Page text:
Vueling Airlines S.A. is an airline based in Greater Barcelona in El Prat de Llobregat and it is a Spanish discount airline, which is the biggest airline in the country.
As well as having a hub in Barcelona-El prat Airport it also has one in Rome at Leonardo da Vinci-Fiumicino airport. It also has additional bases in various airports across Europe including Valencia. A Coruna, Seville, Alicante, Santiago de Compostela, Amsterdam, Paris-Orly, Bilbao, Palma de Mallorca, Florence, Malaga, Madrid and Ibiza in the summer.
It serves over 100 destinations and as well as flying across Europe it also takes passengers to Asia and Africa.
The airline was established in 2004 and its first flight was between Ibiza and Barcelona. It started with just two Airbus A320 and was based in Barcelona and served four airports: Palma de Mallorca, Paris-Charles de Gaulle, Ibiza and Brussels. Its name came about by a combination of the Spanish word for flight which is vuelo and adding the English –ing to the end of it. In 2005 it added a second base in Madrid and then a new base was added in 2007 and then in 2009.
Up until 2007 Vueling was owned by Apax Partners, Grupo Planeto, JetBlue Airways and the management team but Apax Partners sold their stake in the company.
There were then two profit warnings issued for the company and the chairman and two company directors resigned. Shares were also suspended and things did not look good.
However the company took on Barbara Cassano as chairman of the board in September who had previously been the Chief Executive of UK airline, Go which was a budget airline. This led to a company restructuring and it picked up, becoming profitable again in the middle of 2009. This happened just after they agreed to merge with Clickair which were a rival budget airline also based in Spain.
The plan was to make it easier to compete in the Spanish market and to mitigate high fuel costs. The new company kept the Vueling name but the Chief executive was Alex Cruz who had been chief executive of Clickair. European regulators scrutinised the deal as it gave the airline a competitive advantage on 19 of the routes that it supported and it became to second largest Spanish carrier flying 8.2 million passengers in 2009.
More recently it has expanded its bases again including Toulouse which later closed, Amsterdam, Rome, Florence and Brussels (which was later closed). It also expanding its aircraft range including a further nine airbuses by the end of 2011. It currently has 5 Airbus A319-100, 87 Airbus A320-200 and 15 Airbus A321-200 with orders for 47 Airbus A320neo. However in July 2016 it encountered problems which lead to an investigation by authorities in Spain. There were many delays and cancellations and permanently cancelled some flights. It shut down some of its bases and cancelled another route in 2017. These frequent delays have led to it having poor reviews, despite the fact that they have been praised for additional service for special needs passengers.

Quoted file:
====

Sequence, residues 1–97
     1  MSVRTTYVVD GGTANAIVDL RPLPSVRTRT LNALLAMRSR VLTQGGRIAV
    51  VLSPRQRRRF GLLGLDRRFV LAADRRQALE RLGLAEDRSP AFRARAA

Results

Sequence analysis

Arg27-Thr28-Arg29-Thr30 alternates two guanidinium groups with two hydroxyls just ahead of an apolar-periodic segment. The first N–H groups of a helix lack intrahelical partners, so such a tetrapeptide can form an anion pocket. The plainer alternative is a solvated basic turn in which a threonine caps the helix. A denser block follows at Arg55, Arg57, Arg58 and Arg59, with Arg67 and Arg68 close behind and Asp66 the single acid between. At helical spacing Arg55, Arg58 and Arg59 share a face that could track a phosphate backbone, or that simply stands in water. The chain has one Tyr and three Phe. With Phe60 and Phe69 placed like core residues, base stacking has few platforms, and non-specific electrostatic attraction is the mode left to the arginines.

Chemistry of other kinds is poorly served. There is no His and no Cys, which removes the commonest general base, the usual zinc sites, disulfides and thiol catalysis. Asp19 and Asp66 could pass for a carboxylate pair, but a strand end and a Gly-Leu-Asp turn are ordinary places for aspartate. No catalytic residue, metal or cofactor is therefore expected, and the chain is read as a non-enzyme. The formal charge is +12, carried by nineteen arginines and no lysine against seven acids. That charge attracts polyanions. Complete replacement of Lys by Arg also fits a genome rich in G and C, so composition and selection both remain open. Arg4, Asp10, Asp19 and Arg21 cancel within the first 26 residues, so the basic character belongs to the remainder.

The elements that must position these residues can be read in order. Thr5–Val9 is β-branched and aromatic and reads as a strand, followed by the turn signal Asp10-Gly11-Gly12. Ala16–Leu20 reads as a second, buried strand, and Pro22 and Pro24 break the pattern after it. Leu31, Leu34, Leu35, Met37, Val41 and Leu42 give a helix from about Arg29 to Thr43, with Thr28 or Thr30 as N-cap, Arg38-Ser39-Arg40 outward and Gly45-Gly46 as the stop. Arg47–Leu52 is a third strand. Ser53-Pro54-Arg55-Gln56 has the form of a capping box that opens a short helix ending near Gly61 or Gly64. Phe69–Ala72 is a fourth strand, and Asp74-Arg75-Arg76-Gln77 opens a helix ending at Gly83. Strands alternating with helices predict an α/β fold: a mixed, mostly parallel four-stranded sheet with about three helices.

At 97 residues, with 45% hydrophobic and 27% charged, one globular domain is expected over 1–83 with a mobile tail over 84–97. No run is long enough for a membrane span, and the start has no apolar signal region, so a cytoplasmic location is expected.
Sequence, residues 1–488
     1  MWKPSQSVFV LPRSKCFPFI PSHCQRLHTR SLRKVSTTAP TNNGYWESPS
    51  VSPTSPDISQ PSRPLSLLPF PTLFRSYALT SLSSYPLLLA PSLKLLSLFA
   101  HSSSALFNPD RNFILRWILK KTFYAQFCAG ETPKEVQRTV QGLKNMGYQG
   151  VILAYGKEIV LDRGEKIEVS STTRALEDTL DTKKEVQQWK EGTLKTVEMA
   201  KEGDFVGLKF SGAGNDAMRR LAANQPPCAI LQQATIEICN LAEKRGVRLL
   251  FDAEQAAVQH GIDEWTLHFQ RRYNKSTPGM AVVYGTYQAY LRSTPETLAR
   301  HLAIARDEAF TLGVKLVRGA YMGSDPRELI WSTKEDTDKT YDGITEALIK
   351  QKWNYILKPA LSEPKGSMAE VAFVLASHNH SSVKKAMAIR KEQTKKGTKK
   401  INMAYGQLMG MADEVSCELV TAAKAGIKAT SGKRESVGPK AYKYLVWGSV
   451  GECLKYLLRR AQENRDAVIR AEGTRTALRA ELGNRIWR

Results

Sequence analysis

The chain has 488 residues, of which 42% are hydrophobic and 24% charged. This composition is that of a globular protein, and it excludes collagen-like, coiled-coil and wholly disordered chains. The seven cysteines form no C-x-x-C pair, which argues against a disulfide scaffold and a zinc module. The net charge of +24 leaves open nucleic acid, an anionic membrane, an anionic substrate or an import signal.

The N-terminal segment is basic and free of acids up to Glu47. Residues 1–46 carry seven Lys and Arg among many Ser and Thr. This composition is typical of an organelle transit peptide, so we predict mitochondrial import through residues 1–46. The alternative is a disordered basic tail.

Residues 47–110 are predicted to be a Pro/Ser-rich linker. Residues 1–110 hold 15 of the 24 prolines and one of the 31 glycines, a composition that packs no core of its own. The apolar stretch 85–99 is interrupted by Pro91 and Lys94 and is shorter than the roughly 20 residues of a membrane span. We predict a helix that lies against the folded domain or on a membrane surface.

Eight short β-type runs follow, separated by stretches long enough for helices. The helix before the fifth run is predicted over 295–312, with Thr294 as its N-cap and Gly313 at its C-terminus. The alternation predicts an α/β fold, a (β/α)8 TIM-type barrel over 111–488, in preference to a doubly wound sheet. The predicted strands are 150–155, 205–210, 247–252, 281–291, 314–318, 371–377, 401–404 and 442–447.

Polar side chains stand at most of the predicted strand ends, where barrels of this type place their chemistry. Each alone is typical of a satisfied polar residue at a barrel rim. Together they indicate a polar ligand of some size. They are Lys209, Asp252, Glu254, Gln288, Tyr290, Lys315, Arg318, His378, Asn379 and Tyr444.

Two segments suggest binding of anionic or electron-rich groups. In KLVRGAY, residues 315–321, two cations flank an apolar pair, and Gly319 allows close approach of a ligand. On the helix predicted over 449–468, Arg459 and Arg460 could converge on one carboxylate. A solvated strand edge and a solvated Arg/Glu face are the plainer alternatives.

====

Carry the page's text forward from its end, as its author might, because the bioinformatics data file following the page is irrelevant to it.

These cancellations led to problems for those people that had booked flights and they were able to get a refund for their ticket or fly to the nearest airport. Refunds are available on cancelled or delayed flights under the EU regulation 261/2004 which covers all EU based airlines such as this one. It is possible to claim back the cost of the flight and it may also be possible to get extra compensation as well depending on whether the flight was cancelled or delayed.
A flight has to be more than three hours late arriving at its destination before you can claim any compensation and the amount will depend on how long the delay was for and how long the flight was. A cancellation is slightly different, with a refund or alternative tickets being options but extra compensation a possibility as well.
Certain delays are not covered by compensation though. This is because some are caused by things out of the control of the airline, such as weather or political unrest but delays due to technical faults or staff shortages can be compensated for.
It is worth checking up all the details and seeing whether you are due any compensation for any flights that you have made with Vueling as you could be due some compensation even for flights that took place up to five years ago. The compensation will also cover flights where you could have been not allowed to board. This can happen when an airline overbooks seats on a flight (which is very common) and then everyone turns up so there is simply not enough room for everyone. You can volunteer to wait for the next flight and personally negotiate compensation with the airline and if this happens you will not be due any more. However, if there are not volunteers the airline will choose people to leave, perhaps those that booked last, checked in last or paid the least for their tickets. If this happens to you, then you should be able to claim some compensation.
It is simple to do this as well, you just need to have evidence that you were on the flight and you should be able to make a claim to the company. It could be possible for you to get up to 600 Euros back depending on whether your flight was delayed, cancelled or you were not allowed to board. It is therefore worth investigating as many people are getting compensation and if you are due some then you should try to get it. It will pay you back for the inconvenience that happened at the time but also give you some cash which could be extremely useful. It is not that difficult to do either, just fill in a few details on a form and see what happens.